Iowa Demonstrates Struggles of Conservative Evangelical Voters

January 05, 2012

Ethics Daily ran my latest article today, which is entitled "Iowa Demonstrates Struggles of Conservative Evangelical Voters." It examines the results of the Iowa caucuses and the impact of conservative evangelicals. The article demonstrates the continuing impact of confessional politics and how former U.S. Senator Rick Santorum quickly rose to a virtual tie with Romney (the photo is one I took of Santorum in Iowa in August). It will be particularly important to see what happens when a group of key conservative evangelical leaders meet in Texas next weekend to consider how to unite behind one candidate and defeat Romney. The piece also considers upcoming challenges for conservative evangelicals as they remain divided, which is helping the candidate many of them do not like--former Massachusetts Governor Mitt Romney--squeak out a victory.

As candidates shift their attention to New Hampshire and South Carolina, here are some thoughts on the top five winners and losers in Iowa:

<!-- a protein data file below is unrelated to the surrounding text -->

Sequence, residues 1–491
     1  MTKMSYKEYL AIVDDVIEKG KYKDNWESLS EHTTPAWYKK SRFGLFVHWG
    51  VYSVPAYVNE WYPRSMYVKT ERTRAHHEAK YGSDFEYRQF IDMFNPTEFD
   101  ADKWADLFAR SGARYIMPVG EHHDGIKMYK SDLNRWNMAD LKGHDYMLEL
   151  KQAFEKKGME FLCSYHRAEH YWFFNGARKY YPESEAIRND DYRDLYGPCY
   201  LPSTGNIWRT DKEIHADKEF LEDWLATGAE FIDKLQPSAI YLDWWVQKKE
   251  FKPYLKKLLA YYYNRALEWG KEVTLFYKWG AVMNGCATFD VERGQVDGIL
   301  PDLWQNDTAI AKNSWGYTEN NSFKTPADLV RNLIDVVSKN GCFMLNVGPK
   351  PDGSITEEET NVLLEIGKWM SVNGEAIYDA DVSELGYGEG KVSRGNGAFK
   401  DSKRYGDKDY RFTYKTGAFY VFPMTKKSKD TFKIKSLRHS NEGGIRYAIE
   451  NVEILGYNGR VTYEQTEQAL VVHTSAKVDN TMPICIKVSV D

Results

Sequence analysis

-Winners: Santorum (who is now a front-tier candidate after months at the bottom of the polls), U.S. Representative Ron Paul (whose close third-place finish shows his growing influence within the Republican Party), Iowa caucuses (due to Santorum's win, it is once again demonstrated why it is important to have a state where candidates can rise to the top based on grassroots outreach rather than merely spending a lot of money), Romney (who rose to the top due to splintering of opponent vote and now primarily faces Santorum--who has less money and national prospects than Texas Governor Rick Perry would have had if Perry had been the top anti-Romney candidate), and attack ads (proving they work as they greatly damaged former Speaker of the House Newt Gingrich's standing).
-Losers: U.S. Representative Michele Bachmann (whose long-shot campaign ended after an embarrassing sixth-place finish), Iowa Straw Poll (which looks even less relevant after its winner, Bachmann, performed so poorly), Perry (who came in a distant fifth and now is limping into South Carolina), Gingrich (who came in fourth place just weeks after leading in the polls and now seems focused on merely attacking Romney rather than winning), and Romney (who was unable to improve over his 2008 showing and demonstrated that he is still unable to break past his 25 percent ceiling).

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